Undoubtedly it was during this action on 9 August 1915 that Harold was wounded, suffering a GSW to his left leg. The 8th DOW war diary details the day’s events as: ‘In action, heavy losses. Lt. Col. H.J. Johnston wounded and missing’[6]. Harold entered the medical chain of evacuation and was conveyed to the British army base at Mudros on the Island of Lemnos, where he received medical attention before sailing on the 10th for home, returning on the SS Aquitania bound for Southampton. Harold’s Army Form B178: Medical History (Table II, pages 2 and 3), details his admission to Alexandra Military Hospital, Cosham, Portsmouth, with a ‘GSW left leg’, before being transferred on 27 August 1915 to the Red Cross Hospital, Winchester for further treatment, to be finally discharged on 9 September 1915. The Remarks section of the report describes his wounds and the subsequent course of action: ‘Bullet through main part of popliteal space. No injury to bone, tendon, or nerve. Clean. To come home.’ This reveals how extremely lucky Harold was, the popliteal fossa is the space behind the knee between the thigh and calf muscles, with blood vessels and nerves passing through it, and he’d been fortunate enough to suffer a straightforward flesh wound: a highly prized Blighty one.

Above: Queen Alexandra Hospital, Cosham, Hampshire (Image –

Following his discharge from hospital, he was granted leave to convalesce in Bradford. He made a complete recovery and was posted to the 11th Battalion DOW on 15 October 1915. By this time, the 11th had become a Reserve Battalion, and soon after Harold’s arrival they were transferred to Brocton Camp, Cannock Chase, Staffordshire in November 1915, eventually being absorbed into the Training Reserve of 3rd Reserve Brigade.

Above: Terrain Model - Brocton Camp. At the start of the Great War two large camps each housing 20,000 men were built on the open heathland of Cannock Chase. The camps had their own power station, roads and standard gauge railway. Training was carried out on a series of rifle ranges and practice trenches. The model in one of the original wooden huts gives an idea of the scale of construction carried out through the winter of 1914 with the first battalions arriving in April 1915 (Image – ©John M)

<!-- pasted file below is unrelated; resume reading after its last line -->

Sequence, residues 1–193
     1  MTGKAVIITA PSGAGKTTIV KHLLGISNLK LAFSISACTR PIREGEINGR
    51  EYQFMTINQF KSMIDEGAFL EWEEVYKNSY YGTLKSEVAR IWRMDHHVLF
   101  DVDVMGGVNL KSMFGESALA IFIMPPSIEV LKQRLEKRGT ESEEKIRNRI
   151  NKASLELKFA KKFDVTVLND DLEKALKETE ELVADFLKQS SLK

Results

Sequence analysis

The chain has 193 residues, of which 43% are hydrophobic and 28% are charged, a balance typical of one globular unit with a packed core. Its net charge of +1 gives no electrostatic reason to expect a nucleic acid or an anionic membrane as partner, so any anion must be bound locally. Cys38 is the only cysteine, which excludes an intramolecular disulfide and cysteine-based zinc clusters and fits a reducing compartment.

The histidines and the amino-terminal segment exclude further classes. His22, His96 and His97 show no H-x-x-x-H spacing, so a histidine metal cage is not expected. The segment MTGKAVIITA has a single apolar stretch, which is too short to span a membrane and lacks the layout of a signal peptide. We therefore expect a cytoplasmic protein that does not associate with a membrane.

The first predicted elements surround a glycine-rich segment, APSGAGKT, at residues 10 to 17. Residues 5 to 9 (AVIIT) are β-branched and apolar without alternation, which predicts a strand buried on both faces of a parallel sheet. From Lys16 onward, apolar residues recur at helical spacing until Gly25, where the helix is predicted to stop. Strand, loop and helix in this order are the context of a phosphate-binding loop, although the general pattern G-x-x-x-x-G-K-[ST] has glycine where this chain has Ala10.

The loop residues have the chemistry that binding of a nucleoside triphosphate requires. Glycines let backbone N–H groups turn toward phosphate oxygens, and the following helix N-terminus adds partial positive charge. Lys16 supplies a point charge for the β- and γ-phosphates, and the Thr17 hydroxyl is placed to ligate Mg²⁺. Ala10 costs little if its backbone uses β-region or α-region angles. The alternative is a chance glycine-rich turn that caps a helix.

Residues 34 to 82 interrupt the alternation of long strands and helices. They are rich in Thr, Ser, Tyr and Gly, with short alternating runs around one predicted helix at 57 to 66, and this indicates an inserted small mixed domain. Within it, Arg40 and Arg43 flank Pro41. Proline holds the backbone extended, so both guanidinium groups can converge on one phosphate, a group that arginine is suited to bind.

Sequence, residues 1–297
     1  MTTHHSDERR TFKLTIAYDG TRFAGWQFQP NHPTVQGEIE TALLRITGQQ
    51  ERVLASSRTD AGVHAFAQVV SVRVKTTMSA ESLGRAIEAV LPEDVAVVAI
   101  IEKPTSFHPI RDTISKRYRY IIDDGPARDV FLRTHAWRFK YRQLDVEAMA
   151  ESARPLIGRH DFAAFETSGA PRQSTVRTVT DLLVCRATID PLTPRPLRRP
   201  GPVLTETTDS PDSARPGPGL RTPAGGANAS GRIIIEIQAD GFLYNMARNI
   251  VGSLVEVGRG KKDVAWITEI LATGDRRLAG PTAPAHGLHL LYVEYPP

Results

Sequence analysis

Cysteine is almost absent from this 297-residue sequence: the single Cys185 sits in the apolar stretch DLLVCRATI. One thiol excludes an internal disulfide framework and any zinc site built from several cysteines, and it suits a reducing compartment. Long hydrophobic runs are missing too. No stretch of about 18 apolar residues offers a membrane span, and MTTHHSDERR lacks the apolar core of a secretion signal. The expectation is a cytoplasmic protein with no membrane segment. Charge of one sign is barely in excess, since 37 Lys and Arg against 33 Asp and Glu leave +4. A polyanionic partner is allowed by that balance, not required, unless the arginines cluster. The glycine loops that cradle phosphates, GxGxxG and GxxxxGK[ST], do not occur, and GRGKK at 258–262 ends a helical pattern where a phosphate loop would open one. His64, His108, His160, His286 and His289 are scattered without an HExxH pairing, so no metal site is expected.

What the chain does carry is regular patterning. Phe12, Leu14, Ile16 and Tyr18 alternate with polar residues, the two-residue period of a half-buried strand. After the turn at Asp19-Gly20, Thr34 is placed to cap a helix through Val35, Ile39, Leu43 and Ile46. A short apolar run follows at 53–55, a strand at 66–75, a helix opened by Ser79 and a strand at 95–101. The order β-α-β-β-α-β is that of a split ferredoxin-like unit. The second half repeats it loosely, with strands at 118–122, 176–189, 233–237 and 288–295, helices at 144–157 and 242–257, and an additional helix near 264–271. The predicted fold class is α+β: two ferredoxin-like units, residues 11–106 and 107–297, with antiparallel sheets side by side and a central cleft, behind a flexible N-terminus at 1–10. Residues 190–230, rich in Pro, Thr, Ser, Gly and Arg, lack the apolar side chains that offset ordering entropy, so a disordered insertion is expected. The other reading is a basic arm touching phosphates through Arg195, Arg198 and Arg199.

The bleak uplands of Cannock Chase were owned by the Earl of Lichfield, and upon the outbreak of war he had granted the use of the land to the army. The landscape was now covered by ‘a vast, unbeautiful military complex [which] had been grafted on to the face of the heath where the Sher Brook ran off it northwards. On the shallow banks of the stream the army had established Rugeley Camp and its neighbour Brocton Camp, together big enough to process 40,000 men at a time. Grim barrack huts were arranged in straight parallel lines around a complex of parade grounds, above which loomed a square water-tower and a power station whose four chimneys pumped smoke into the sky […] the battalions of the 3rd Reserve Brigade trained here in musketry, scouting, physical training, gas warfare, and other disciplines, including signalling. Concerts and gatherings in cramped YMCA huts provided some social life for the rank-and-file soldiers, but escape was sought as often as possible in the pubs of villages around the Chase; boredom and drink, however, proved an inevitably fractious brew, and discipline was enforced with extra drills and fatigues, or confinement to the guardroom. The winter barracks were bitter with coke fumes and tobacco smoke, mingling oppressively with the smell of boot polish, sweat, beer, rifle-oil, and wet floors.’ [7].

Above: Men of Brocton Camp, First World War (Image –